If you are following this series from the beginning, you probably already guessed what we’ll need to do here. The same thing we did for the Partition management process, well, almost the same thing because we’ll going to do something a little bit more optimize for the data load since this is the most time-consuming step.

The main difference between the approach I explained in the previous post is that it loops one Statement by each row that returns from the Source command in SERIAL, that means, we need to wait it to finish for the second loop to start. For the Partition Management that’s ok because everything there is very fast, but for that load we can have something better.

We don’t need and we don’t want to wait for a serial execution because we have one table for each Loop we’ll perform (This is not the case but even if we have only one table, if we have partitions and/or Sub-Partitions, we can Loop the code by the Partition/Sub partition level and load everything in Parallel. The only case we can’t load in parallel is if we have a single table without partition).

In our case we’ll going to loop all the 6 tables load in parallel. To do that, we are going to use the same approach as before but instead of having the ALTER TABLE in the Command on Target, we’ll going to have an OdiStartScen, to call a Scenario multiple times in PARALLEL. Let’s take a look in the Command on Target:

As we can see, the Command on Target contains an ODI tool called OdiStartScen that is used to call a scenario. We have a few parameters there to set how we’ll going to call the scenario and, in this case, the important one is the SYNC_MODE=2, that means it’ll execute everything in parallel (1 is serial). Everything else are variables that we are using to pass information from the Command on Source to the Called scenario.

A quick tip here before we continue, if you want to know how in havens, I have all this setting in mind, for your information I don’t, but there’s a very easy way to find out. Just drop an ODI Start Scen from the ODI Toolbox in any part of your scenario and fill with the information you need:

In the General we set the scenario we want to load, version of the scenario (-1 is always the latest scenario you have), the Synchronous and Asynchronous mode (serial and parallel), Session name, in case you want to have an different name showing in your execution (this is always a good Idea to have since you are looping the same code with different parameters, then in my case I pass as a variable the name of the table, the period and the hierarchy that scenario will be loading).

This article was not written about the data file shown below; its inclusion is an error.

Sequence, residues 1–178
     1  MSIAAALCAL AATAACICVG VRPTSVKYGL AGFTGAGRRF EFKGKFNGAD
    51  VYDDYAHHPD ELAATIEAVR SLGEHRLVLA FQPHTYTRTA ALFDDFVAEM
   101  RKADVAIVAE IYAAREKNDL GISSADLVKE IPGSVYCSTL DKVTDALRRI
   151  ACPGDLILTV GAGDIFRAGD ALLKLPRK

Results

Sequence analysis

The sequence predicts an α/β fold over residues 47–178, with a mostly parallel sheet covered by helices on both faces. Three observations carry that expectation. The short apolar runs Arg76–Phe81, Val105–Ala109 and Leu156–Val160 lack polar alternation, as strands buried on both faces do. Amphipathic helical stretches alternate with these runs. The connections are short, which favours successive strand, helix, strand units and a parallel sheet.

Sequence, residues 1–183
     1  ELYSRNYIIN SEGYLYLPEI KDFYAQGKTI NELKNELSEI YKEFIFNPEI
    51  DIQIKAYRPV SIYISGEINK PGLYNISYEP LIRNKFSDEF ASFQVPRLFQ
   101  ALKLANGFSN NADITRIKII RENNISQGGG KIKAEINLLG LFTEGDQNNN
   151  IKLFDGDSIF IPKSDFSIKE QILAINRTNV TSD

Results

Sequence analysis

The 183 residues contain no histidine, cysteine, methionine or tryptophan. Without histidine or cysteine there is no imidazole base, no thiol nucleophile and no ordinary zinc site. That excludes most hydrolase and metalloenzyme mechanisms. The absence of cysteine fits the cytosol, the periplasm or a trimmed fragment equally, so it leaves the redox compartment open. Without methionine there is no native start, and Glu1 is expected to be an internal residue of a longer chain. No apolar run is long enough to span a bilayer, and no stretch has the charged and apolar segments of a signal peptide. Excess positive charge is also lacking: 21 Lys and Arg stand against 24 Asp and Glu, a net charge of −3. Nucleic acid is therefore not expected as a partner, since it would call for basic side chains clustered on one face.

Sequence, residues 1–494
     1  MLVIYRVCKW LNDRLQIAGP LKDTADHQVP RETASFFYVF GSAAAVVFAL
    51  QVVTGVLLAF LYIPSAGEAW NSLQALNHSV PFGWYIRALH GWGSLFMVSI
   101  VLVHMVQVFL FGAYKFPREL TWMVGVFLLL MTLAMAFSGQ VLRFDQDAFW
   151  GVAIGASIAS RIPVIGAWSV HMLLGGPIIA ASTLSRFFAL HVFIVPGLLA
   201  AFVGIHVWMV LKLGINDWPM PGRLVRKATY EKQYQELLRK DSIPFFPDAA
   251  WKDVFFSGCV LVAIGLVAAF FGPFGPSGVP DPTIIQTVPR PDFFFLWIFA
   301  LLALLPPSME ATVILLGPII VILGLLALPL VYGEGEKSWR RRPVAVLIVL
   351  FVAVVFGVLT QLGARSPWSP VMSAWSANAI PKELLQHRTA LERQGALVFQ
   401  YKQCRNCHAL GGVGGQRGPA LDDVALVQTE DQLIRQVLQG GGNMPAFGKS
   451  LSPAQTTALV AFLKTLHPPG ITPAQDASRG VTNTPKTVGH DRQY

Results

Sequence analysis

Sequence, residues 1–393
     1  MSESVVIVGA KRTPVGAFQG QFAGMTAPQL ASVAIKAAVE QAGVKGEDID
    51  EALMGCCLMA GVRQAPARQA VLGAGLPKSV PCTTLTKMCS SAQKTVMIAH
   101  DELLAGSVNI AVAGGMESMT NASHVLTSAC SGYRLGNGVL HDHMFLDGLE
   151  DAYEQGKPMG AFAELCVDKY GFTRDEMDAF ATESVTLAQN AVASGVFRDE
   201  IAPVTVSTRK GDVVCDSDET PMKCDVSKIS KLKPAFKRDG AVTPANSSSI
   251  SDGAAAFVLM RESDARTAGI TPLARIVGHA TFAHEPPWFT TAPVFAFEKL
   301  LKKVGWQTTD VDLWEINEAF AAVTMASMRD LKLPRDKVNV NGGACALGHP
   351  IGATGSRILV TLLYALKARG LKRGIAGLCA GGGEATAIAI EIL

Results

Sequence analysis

In the Additional Variables tab you can set all variables you need to use inside the scenario (as you can see in my case, I have a lot of variables because the complexity of my sources, you case will be different).

And after you set everything, you just need to click in the Command tab to get the code that ODI generates based in the setting you did:

This is the code that you need to paste in the Command on target to call a scenario. After that you can delete the OdiStartScen object from your scenario and continue the development. Another advantage of this is that if you have the code and want to create an OdiStartScen step in a scenario, you can paste in the Command tab and the General/Additional Variable will be filled based on the code.

With the Target code ready we just need a query that will going to pass all the information needed to call the scenario. In my case, I pass a lot of information to the target, as you can see by the amount of variable I have. Also, the variable information doesn’t need to come only from the command on source. If you have variable in your scenario and they are the same for all the loops, you can just use these variables to pass their values to the Scenario the command on target is calling. The command on source needs only to have the information that will dynamically change in each loop.

In my case I’m passing all kind of information like the SESSION_NAME (the name of the session that we use to create parameter specific for each session we have and use the same variables for all, more information HERE) but the important one for us is the TABLE_NM.